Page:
In 2016, I was left stupified by The Central’s Discovery of a Rat. It’s intriguing blend of saccharine pop and searing mathgrind demanded repeat listens, so I indulged, gorged, binged to the point where it ended up on my 2016 year-end list. (If you haven’t given in a whirl, you best check it out.) There’s really nothing else like it, so in a way I was left feeling like this was a total miracle of a record that could only happen at that time. How does a band follow up a perversely eclectic record like that? Their latest EP, Sick and Dying shows us how.
The lead-off tracks are cut from a similar cloth as Discovery, offering a familiar starting point of batshit unpredictability (“Polio Dancer”) while displaying a dedication to trippy melody (“Sick and Dying pt. I”). The ease at which they move through phases of stripped-down simplicity to merciless abrasiveness and back again is as impressive as it ever was. How they casually elevate easy ooh-ing to suffocatingly chaotic speaker-ripping blasts and noise within the span of a minute is a punchline by itself, but it also speaks to their range and forward-thinking nature. These tracks effectively set the tone without telegraphing the rest of the EP’s surprises, and retread little ground throughout their brief runtime.
The ploy of juxtaposing the unapproachable character of grind with the pleasure of hum-along melodies works just as well as it did in the past, if not even a little better this go around. This EP is delightfully uneven, quarantining their more intense moments to let loose with devil-may-care experimentation on a broad scale. There’s a substantial give-no-fucks attitude that can only be captured by placing a proper soul song (“Peace at Home”) in between mathy spazz (“Whatever Happens”) and a loop-heavy The Flaming Lips brand of dream pop (“Quite Mouse In Muscatine”). Where Discovery nestled into definitively more aggressive post-hardcore sounds, Sick and Dying forgoes most of that intensity. Instead, their efforts focus on perfecting an oddball atmosphere that was merely scratched upon by the prior release.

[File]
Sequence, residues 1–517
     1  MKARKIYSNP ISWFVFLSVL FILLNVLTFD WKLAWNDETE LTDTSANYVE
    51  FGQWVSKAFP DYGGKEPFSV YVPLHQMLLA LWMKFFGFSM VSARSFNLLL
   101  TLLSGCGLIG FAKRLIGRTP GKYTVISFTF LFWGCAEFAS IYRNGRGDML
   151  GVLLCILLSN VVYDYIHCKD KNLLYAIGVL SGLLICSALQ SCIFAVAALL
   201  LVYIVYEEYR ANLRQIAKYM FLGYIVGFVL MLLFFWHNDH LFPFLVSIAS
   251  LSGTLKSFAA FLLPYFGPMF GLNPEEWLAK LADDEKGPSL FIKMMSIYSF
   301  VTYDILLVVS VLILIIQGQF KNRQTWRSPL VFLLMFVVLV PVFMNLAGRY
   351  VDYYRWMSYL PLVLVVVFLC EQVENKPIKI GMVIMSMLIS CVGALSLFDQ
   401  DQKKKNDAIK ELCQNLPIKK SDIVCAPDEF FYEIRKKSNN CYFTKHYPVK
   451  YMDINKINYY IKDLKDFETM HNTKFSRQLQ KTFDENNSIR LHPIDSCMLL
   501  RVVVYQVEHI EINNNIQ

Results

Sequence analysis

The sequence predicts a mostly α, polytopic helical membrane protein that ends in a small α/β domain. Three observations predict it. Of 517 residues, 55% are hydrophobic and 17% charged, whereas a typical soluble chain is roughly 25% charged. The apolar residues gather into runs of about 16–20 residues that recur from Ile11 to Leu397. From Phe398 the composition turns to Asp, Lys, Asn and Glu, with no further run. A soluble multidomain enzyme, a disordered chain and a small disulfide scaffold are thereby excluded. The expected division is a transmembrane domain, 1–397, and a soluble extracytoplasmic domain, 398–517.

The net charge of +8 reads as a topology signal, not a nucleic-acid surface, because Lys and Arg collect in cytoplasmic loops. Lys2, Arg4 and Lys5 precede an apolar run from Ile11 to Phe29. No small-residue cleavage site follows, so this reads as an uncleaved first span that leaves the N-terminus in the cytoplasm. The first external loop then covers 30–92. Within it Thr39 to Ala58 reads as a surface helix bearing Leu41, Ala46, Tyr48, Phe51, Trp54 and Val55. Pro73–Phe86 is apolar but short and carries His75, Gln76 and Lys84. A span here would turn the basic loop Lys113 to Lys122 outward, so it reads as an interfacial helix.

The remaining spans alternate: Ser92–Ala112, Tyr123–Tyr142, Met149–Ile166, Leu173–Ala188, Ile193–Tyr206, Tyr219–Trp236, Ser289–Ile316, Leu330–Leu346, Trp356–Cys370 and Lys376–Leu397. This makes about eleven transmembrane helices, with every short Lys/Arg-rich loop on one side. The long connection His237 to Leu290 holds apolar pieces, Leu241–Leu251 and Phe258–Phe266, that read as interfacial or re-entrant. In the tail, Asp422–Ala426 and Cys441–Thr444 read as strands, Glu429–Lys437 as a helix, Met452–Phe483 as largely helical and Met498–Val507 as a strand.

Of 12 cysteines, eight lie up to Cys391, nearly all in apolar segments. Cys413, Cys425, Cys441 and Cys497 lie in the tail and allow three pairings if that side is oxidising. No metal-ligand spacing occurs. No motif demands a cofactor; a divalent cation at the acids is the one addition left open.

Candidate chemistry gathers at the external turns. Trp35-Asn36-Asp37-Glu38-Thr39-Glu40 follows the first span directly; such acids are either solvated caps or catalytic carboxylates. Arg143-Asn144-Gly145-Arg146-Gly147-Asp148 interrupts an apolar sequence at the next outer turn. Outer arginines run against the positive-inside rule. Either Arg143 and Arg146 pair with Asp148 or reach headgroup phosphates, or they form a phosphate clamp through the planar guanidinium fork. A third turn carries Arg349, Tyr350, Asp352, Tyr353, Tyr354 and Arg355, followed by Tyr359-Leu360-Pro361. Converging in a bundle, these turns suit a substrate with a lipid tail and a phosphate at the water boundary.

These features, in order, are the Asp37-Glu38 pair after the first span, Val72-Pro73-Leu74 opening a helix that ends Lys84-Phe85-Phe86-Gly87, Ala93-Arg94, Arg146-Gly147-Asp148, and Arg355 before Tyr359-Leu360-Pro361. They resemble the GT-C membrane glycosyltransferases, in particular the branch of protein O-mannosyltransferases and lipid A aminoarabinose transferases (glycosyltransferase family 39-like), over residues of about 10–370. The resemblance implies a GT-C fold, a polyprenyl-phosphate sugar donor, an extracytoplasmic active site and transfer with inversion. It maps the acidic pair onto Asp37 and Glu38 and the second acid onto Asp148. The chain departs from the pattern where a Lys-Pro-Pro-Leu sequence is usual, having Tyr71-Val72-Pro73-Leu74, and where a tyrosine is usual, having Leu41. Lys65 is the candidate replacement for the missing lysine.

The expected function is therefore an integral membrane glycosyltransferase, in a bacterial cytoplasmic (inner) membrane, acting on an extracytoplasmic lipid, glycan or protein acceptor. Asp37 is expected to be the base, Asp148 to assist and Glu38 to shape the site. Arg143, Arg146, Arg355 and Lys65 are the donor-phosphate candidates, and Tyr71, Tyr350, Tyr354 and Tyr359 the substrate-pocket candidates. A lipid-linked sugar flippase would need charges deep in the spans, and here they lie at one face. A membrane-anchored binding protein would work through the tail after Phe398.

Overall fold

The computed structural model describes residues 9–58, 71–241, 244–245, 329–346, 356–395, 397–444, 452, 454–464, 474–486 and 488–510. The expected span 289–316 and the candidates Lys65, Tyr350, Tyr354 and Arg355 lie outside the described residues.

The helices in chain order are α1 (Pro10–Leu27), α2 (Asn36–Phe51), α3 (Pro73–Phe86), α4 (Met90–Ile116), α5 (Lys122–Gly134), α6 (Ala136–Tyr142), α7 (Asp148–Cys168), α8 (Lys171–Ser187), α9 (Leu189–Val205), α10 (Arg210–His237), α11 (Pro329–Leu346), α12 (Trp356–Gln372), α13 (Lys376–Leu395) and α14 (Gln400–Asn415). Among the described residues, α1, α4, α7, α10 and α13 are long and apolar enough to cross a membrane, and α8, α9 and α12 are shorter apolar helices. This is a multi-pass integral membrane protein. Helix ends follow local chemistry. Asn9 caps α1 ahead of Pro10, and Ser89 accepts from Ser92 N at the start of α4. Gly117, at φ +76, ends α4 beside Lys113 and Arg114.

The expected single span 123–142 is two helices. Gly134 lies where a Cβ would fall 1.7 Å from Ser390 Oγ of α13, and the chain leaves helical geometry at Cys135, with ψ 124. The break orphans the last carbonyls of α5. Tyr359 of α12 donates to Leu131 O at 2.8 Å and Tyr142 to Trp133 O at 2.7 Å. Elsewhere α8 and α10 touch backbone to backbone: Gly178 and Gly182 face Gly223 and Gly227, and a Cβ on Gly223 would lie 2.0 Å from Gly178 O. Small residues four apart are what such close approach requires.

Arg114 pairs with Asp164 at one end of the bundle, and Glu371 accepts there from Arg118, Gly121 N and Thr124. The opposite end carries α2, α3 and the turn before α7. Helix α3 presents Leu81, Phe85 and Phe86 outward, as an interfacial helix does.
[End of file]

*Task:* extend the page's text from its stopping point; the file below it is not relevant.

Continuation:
If last year’s Trumpeting Ecstasy taught us anything, it should be that grind works best with a broadened palette. There’s always room for high-quality short form songwriting, but today’s diversified tastes are welcoming of some much-needed contrast. The Central’s willingness to try just about anything and execute it convincingly (wait, no spaghetti western on here?) gives a listener’s ear a much-needed breather from the punishment of standard grind. But more importantly, they make use of this “breather” time (is it really a breather if it’s most of the time?) in a way that’s not just piss-in-the-wind ambient atmosphere or tired-er-than-fuck movie samples. Overall, Sick and Dying helps to paint a more complete picture of what this band actually is – whatever that is – as we get to hear them stretch out and flex some new muscles. It’s exactly the kind of thing you’d want from an EP; it’s not too familiar that it’s pointless and it’s not so weird that it feels like a one-off. It just shows their best work might be just around the corner.